Moldy Floors? Encapsulate Your Crawl Space

If large patches of mold grow on or below your flooring, your crawl space could be the reason why. Although crawl spaces allow you to store or run duct work, plumbing lines, and other essential fixtures, the spaces can become damp during the year. Unless you encapsulate your crawl space, moisture can soak into your foundation and cause mold to grow in your home. Learn why you need to encapsulate your crawl space today.

Is It Really Necessary to Encapsulate Your Crawl Space?

A crawl space is one of the most neglected areas of a home. Because the space is out of sight and out of mind, it's easy to forget that you even have a crawl space beneath your home. However, your crawl space can become a huge problem for you if it becomes a haven for moisture. Moisture is one of the things mold needs most to survive.

Although mold doesn't grow well in direct sunlight or well-ventilated places, it can thrive in damp, dark environments like your crawl space. Water can leak into your crawl space when it rains or when you water your lawn. All of this water can make your crawl space feel damp and humid.

It doesn't take long for moisture to affect the organic materials in and around your crawl space. Moisture can penetrate the wooden material of your floor joists, or it can leach into the concrete structures supporting your home. Mold spores floating in the air can land on the moist material and grow.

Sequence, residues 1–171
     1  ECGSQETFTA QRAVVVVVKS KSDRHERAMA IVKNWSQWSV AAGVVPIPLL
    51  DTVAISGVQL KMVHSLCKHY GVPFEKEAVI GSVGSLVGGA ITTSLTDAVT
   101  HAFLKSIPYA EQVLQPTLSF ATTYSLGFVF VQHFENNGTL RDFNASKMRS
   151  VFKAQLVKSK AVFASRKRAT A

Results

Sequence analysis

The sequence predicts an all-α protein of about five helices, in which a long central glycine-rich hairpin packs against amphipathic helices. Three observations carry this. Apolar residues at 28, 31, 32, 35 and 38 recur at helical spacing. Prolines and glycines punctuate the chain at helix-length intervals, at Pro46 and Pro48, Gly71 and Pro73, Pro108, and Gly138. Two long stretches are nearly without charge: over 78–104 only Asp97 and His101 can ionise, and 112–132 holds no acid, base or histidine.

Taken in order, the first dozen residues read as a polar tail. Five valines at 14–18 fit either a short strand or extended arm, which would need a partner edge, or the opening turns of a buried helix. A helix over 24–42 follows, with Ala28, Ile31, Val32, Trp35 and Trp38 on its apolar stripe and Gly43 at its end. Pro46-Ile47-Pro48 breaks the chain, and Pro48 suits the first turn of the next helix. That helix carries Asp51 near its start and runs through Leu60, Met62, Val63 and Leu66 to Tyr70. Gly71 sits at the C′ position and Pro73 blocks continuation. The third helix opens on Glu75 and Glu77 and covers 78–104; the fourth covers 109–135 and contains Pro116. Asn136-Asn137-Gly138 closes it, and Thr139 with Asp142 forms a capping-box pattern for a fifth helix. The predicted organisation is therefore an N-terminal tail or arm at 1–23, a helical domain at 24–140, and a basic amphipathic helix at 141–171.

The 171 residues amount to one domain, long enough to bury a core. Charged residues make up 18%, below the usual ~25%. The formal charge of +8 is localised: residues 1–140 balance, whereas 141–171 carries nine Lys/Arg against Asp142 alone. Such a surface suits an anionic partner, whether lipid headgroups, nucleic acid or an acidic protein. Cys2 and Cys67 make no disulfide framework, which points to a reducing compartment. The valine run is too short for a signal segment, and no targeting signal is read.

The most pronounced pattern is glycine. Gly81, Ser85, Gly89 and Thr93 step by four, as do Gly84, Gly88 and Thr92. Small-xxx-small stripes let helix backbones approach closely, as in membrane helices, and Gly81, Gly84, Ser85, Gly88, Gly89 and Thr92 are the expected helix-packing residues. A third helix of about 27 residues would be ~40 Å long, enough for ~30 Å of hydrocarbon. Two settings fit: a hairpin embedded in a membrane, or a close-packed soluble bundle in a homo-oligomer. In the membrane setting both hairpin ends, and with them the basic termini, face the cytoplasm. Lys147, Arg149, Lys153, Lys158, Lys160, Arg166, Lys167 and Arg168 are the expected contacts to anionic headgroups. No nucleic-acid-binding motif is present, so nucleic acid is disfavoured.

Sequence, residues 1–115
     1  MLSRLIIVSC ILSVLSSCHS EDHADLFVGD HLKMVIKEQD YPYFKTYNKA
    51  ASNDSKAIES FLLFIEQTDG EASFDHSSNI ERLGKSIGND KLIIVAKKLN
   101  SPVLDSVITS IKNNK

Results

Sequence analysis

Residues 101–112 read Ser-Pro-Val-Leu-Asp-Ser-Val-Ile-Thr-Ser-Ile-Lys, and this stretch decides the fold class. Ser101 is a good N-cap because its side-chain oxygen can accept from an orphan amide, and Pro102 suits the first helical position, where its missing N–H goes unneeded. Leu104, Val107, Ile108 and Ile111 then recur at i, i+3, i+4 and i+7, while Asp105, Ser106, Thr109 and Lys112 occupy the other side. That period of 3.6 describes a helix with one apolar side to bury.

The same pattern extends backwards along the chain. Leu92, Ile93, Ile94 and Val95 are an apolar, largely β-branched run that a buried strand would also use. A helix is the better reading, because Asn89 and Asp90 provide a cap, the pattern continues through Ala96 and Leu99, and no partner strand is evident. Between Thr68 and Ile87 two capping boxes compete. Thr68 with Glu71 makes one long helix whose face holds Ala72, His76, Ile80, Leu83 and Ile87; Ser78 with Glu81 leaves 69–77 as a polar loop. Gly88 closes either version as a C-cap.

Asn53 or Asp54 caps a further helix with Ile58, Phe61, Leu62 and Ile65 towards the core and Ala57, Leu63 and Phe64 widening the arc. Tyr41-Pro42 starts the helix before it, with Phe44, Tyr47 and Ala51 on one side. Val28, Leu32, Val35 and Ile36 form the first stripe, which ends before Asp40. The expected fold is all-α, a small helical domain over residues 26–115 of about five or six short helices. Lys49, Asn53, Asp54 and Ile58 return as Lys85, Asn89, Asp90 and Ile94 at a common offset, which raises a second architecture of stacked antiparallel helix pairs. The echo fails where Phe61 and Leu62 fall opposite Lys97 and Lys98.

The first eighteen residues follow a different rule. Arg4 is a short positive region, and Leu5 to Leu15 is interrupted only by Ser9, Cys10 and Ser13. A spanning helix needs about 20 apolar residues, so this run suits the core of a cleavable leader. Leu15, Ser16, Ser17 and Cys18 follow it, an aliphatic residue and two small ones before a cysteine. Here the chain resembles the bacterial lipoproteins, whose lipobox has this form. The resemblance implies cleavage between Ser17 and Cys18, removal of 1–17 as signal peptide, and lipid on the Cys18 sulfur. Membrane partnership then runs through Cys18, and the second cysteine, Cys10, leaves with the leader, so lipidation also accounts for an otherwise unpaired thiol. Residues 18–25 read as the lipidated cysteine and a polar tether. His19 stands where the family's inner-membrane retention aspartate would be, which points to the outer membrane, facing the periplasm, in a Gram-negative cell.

Encapsulating your crawl space is one of the most effective ways to slow down the growth of mold. 

How Do You Encapsulate Your Crawl Space Properly?

You may confuse ventilation with encapsulation, but they aren't the same things. Ventilation simply airs out a room so that fresh air enters and stale air leaves. Although ventilation can help make the air inside your crawl space fresh, it may not keep the humidity levels low enough to prevent mold growth. Encapsulation not only reduces the space's humidity levels, it keeps it dry.

Encapsulating your crawl space will generally include covering the soil, joists, ducts, and other surfaces with a protective barrier. The barrier prevents moisture from the air and soil from evaporating into the room. In addition, encapsulation also insulates and seals the space. If your crawl space becomes too cold or too hot, it can cause problems with your home's heating and cooling abilities. 

When you're ready to encapsulate your crawl space, contact a contractor who specializes in it. A contractor can investigate the conditions of your crawl space and use the best materials and methods to encapsulate it. 

For more information on crawl space encapsulation and how it works, contact a contractor today.